Bread 101 | The Daily Star
12:00 AM, April 24, 2018 / LAST MODIFIED: 10:58 AM, April 24, 2018

Bread 101

When comparing dinner tables of a Bengali and a Westerner, it's hard to understand the importance of bread in our diet as ours mostly consists of rice. That's not to say that bread has no place here, as we have our own way, time and type of breads to consume, making it very much a part of Bengali diet and cuisine. Bread's significance does not merely lie in its many nutritional properties. Its history and significance in culture and different religions is enough to fill tomes in museums across the globe.  

From a hot roti to an English muffin with a perfectly poached egg - bread's sheer variety is just as vast as its history is. While we clearly cannot talk about every kind of bread there is, we can surely go over some of the crowd favourites.


You can't find anything more quintessentially Bengali than “haat-er ruti” paired with spicy potato bhaji and a side of scrambled/fried egg. Ruti is unleavened flat bread, made in almost every part of Bangladesh, and across Southern Asia and the Caribbean, better known as Roti internationally. The serving can also be different as we prefer to have it with various kinds of curries while parts of the West Indies serve theirs with a spicy filling. Halwas made out of carrots, papayas and different kind of nuts and lentils are a great combination with roti, something we take full advantage of during the Shab-e-Barat when there is an abundance of halwas and other kinds of sweets.


A thick flat bread made from lentil flour and commonly found in Rajshahi, Kalai Roti is served with mouth-watering chutneys made from chilli and turmeric paste and onions for slight acidity.


Another staple of the Bengali dining table, the Paratha has devoted loyalists who would pair it with any kind of cooked beef for that ultimate expression of food utopia. Paratha is a layered flatbread made from whole wheat flour and high in fat as they're usually fried or cooked using oil, butter or ghee, making it a scrumptious dish to be devoured paired with beef curry, lentil soup and vegetable dishes. And of course, who can ever forget the all too famous 'Mughlai paratha' stuffed with minced meat or eggs and onions. Hailed as the perfect evening snack, couple this with a cup of milk tea and your taste buds will be delighted!


If you thought that the only delectable dish the Mughals left behind was the Kacchi Biriyani, think again, because sharing the regal glory with the Biriyani is the ever popular Naan, a leavened, oven-baked flatbread found in Western, Central and South Asian cuisine. Pair it with kebab, a salad concoction and a bottle of fizzy drink and you have yourself a meal worthy of nobility, as long as the nobility does not mind heading to the nearest 3-star hotel for it. Naan also has wonderful variations such as butter naan, garlic naan, keema naan, etc. It has transformed from a basic form of bread for many to experimental creations by chefs and food enthusiasts today with different fillings and flavours. A typical naan recipe involves enough yoghurt to make a smooth, elastic dough, and is cooked on the sides of a tandoor oven.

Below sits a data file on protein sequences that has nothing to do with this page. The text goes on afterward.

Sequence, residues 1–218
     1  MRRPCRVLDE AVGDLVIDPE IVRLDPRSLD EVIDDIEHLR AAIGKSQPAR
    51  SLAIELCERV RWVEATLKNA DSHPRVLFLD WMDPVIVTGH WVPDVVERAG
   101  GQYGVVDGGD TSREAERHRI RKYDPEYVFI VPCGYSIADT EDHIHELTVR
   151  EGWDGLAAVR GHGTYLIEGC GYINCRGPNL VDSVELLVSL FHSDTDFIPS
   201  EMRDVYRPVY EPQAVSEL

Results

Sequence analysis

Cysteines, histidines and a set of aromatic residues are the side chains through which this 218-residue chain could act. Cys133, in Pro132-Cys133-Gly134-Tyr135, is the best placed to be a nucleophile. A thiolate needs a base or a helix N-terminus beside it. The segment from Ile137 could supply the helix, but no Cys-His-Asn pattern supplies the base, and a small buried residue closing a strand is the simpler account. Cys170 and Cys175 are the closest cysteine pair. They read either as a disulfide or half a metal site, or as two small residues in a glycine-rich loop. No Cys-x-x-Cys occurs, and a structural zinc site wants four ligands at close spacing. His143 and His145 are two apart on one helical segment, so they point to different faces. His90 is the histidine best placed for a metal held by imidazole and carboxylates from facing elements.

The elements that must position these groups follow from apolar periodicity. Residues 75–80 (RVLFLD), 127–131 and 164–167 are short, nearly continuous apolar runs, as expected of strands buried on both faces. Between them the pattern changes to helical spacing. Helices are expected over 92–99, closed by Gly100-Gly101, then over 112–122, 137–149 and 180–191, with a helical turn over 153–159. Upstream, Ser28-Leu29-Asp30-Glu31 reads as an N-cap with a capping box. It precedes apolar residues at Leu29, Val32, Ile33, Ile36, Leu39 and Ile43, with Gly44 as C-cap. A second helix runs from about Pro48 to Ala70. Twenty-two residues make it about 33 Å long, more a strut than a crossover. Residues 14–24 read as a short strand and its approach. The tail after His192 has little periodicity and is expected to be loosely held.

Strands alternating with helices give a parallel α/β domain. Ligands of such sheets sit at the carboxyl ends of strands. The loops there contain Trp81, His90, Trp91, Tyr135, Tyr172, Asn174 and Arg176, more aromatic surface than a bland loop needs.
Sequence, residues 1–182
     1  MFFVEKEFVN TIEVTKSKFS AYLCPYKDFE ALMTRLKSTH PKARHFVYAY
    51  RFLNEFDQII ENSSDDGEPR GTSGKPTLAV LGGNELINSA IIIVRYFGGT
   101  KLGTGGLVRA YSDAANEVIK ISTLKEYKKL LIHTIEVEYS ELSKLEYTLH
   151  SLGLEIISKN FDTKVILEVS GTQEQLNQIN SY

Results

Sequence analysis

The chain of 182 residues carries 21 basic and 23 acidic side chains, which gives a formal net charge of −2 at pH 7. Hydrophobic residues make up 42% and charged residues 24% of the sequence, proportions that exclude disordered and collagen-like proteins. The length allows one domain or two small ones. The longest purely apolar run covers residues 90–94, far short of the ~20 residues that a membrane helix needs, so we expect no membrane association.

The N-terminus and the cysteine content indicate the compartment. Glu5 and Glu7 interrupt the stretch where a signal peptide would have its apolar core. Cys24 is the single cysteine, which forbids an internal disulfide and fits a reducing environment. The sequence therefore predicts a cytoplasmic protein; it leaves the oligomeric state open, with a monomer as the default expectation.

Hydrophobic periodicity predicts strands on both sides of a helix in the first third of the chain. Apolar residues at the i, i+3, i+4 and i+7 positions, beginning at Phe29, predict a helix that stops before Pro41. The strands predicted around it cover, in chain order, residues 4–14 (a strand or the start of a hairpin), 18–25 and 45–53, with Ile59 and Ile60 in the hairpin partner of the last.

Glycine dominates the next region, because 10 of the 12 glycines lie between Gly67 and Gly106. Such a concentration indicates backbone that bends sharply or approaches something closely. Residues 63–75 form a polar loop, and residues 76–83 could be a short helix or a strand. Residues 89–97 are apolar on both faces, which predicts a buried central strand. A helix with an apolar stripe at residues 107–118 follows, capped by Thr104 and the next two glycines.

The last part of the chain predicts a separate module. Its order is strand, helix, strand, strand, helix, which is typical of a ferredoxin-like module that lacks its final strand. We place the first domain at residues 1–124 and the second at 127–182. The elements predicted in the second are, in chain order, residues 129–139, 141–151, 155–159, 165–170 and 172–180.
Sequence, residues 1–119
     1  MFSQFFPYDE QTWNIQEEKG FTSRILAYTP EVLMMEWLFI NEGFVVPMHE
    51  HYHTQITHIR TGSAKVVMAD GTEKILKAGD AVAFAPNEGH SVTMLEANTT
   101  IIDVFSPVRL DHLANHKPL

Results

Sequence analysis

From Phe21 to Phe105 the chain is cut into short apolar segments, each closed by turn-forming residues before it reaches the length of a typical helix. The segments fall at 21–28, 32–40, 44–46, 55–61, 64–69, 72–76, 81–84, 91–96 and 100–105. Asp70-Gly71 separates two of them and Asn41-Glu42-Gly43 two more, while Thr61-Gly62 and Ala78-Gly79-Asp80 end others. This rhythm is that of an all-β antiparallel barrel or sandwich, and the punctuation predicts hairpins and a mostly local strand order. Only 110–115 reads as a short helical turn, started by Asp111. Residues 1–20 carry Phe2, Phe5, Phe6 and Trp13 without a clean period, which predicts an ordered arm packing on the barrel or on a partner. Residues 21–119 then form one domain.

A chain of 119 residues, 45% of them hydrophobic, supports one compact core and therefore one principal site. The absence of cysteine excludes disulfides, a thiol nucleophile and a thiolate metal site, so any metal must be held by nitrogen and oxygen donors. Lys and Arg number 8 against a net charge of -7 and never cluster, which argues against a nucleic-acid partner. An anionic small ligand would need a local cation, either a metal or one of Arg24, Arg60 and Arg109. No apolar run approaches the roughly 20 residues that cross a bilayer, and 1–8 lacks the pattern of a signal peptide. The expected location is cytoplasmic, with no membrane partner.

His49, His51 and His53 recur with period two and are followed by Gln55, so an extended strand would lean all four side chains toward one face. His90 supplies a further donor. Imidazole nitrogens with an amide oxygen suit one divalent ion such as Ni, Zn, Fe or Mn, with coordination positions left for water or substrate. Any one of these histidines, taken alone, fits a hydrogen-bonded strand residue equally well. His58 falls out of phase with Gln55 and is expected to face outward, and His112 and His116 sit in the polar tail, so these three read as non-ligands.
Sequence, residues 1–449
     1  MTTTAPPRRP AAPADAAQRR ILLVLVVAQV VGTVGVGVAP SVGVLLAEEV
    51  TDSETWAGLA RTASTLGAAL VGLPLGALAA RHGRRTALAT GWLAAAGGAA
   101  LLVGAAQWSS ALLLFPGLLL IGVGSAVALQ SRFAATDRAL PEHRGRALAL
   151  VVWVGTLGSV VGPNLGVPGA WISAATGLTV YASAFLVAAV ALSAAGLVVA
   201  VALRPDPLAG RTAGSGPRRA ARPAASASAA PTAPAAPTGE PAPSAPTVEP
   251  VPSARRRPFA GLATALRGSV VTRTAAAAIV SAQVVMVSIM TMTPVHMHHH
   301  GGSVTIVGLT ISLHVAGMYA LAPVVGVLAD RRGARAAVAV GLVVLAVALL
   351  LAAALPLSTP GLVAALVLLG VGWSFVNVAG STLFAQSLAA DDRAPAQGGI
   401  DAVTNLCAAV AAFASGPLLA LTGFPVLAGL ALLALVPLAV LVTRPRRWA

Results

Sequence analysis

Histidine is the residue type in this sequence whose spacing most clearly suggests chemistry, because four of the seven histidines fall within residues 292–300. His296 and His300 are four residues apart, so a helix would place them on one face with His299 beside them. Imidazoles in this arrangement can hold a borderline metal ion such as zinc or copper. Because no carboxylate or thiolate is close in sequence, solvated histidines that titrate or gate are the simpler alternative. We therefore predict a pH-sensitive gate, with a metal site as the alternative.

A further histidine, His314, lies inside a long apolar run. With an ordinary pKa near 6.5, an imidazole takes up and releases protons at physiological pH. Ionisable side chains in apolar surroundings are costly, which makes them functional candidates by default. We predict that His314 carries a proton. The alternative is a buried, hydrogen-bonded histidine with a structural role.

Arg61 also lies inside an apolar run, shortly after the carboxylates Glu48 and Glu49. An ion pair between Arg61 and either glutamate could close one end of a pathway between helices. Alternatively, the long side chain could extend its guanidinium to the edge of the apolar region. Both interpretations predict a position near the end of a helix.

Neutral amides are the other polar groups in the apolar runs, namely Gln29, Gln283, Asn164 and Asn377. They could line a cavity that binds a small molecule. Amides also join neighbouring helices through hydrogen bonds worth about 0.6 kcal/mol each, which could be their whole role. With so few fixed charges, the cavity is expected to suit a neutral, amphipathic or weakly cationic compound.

Possibly the most popular type of bread on this list, its reputation is known throughout the world. Originating in the Middle East, the pita is famous for its inner 'pocket' and wide range of uses. Pita is a slightly leavened wheat bread, flat, either round or oval and comes in many different sizes. The soft and pliable pita is used to pick up meat and vegetables and is perfect for tearing into small pieces and dipping into yoghurt spreads, hummus or tahini.


What is a more Parisian breakfast than a slice of baguette and cup of brilliantly aromatic espresso? Baguettte is exotic in its name and flavour and goes well with cottage cheese, jam, and of course coffee. It has made its way to the inhabitants of Dhaka through the various bakeries opening up shop here.


An exotic addition to this list, tortilla is a type of soft, thin flatbread made from maize meal and/or wheat flour. They are used to prepare many Mexican dishes like tacos, enchiladas, burritos, and wraps. So the next time you want to spice up your bread diet, opt for this pleasingly flavourful crispy delight.


And finally, of course, a special mention to the English muffin needs to be given if we wish to conclude this exploration on a sweet note. The quintessential English muffin is a small, round, flat type of yeast-leavened bread primarily served as a teatime treat, with a side of cold meat, buttery hollandaise or maybe even some raspberry jam. Confectionaries such as 'Bread and Beyond' and 'Kings' have an assortment of excellent English muffins.


By Jahanara Tariq

Photo: LS Archive/Sazzad Ibne Sayed

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